Four From Four

Without any arrogance if you had told me in the last week of August that Somerset would be four from four in Division One I'd have expected to be in Birmingham today celebrating a first ever title. That's not how it turned out. Jason Kerr has his work cut out this winter,

Warwickshire v Somerset, County Championship Division One, September 21st to 24th 2021, Edgbaston, Birmingham, Day 4, Warwickshire 367 (Hain 83, Overton 5-88)  & 294-3 beat Somerset 389 (Gregory 68, Ali 60, Lammonby 59, Davies 52, Leach 49) & 154 by 118 runs

This is, by my reckoning the 18,738th day since I became a Somerset supporter, a day back in early June 1970 when my Dad took me to The County Ground to watch Somerset, ironically, play Warwickshire. There have been plenty of amazing highs and some pretty low lows but throughout it remarkably very very few where my pride in my county has been as damaged as today.

September has been bad, four division one defeats out of four but I’d harboured hopes that Somerset’s gutsy performance until mid-afternoon yesterday would continue for just one more day. It didn’t. It will be small consolation to Lancashire’s players and supporters to say I know how you feel but strangely I feel as physically sick as I write thisas I did on the corresponding days in 2010, 2016 and 2019.

Let me say at this point that I am not one who subscribes to the view prevailing on social media last evening that Somerset should allow Warwickshire to win as a payback for 2010. For those who can’t recall that was the dire last day capitulation at Old Trafford which allowed Nottinghamshire to snatch the trophy out of Marcus Trescothick’s grasp at Chester-le-Street. 

But I’ve watched enough cricket, and enough of the Somerset 2021 variety to know the way things were moving after the last session yesterday. Eight sessions of grit and fight from Tom Abell’s side were undermined by a poor last couple of hours when Warwickshire added 179-1 pretty much as they liked against a deflated looking bowling (I hesitate to say “attack”) effort.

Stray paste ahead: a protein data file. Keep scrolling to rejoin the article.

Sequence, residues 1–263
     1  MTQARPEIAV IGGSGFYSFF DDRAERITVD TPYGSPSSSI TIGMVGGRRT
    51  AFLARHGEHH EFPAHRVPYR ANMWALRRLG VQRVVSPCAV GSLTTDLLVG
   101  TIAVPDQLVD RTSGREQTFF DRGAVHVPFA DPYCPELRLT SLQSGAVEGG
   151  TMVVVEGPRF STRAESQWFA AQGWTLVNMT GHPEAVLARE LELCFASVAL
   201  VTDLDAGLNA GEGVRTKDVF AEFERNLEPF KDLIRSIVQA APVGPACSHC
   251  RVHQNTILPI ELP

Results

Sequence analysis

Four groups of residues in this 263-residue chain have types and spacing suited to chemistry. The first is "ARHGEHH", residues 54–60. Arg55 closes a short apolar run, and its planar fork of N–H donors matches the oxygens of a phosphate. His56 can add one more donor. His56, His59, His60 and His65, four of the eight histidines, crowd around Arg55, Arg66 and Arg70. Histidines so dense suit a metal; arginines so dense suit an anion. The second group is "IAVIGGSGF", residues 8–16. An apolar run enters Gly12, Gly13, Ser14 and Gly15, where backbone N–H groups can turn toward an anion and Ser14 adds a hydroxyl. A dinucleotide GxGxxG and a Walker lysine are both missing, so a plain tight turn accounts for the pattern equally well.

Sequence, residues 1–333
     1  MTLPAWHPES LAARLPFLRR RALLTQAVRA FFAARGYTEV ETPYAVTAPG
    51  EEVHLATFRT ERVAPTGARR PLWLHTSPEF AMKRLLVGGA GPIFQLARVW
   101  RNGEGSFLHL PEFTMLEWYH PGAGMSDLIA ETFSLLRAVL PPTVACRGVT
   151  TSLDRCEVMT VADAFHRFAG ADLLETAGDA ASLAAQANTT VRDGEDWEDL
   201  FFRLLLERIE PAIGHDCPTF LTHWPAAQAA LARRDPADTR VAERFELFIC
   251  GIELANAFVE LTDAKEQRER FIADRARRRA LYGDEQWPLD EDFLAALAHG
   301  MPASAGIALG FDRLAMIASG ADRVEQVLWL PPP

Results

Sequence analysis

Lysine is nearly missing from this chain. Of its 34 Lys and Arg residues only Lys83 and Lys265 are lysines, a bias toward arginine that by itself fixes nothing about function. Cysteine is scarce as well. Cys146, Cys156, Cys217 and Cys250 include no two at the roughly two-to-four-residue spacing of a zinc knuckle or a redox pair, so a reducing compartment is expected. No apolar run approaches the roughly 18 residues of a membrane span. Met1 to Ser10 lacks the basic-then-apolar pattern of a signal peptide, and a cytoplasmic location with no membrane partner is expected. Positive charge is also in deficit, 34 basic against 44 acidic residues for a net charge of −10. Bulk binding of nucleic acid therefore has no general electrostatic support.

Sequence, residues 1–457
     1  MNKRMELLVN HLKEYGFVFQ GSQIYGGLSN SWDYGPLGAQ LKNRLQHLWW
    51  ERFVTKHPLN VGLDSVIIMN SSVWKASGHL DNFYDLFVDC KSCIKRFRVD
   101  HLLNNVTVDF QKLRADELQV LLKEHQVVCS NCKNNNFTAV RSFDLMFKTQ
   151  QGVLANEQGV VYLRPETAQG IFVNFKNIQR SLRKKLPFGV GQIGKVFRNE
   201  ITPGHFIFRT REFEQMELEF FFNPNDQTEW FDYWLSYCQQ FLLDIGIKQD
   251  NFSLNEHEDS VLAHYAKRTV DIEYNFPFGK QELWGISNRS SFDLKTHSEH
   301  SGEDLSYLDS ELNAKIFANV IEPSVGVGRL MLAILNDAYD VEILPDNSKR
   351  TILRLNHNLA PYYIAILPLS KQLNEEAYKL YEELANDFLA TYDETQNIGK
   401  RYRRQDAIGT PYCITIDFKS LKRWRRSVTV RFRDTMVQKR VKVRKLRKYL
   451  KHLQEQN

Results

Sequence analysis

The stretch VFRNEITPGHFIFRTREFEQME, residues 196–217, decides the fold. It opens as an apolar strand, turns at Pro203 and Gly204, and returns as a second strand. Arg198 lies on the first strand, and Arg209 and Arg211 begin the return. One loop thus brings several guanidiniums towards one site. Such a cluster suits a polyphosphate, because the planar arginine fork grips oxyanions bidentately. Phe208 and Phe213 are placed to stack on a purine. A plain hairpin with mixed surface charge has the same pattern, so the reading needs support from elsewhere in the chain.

My mind when back to another occasions when Somerset were pipped to the title in recent history. In 2016 Somerset bowled a deflated and relegated Nottinghamshire side was bowled out in two sessions by a Somerset attack and fielding display that was too much for the visiting batsmen who clearly had their minds on anything but batting to survive. Notts did, it is fair to say have five sessions to survive but I doubt if that made any difference to the mindset or performance.

After the phoney war of the first hour when a further 115 were added in 15 overs for two irrelevant wickets, the equation was set, Warwickshire gave themselves 79 overs to take the ten wickets they need to win the county championship. Somerset’s (theoretical) target was 273 at a shade under 3.5 an over.

By lunch 12 off those overs had been occupied and one wicket, that of Tom Lammonby to a loose shot outside the off stump to Danny Briggs’ second ball. Lammonby and Green had been looking comfortable in the early exchanges so it was an unforgiveable lapse by the prodigiously talented left hander.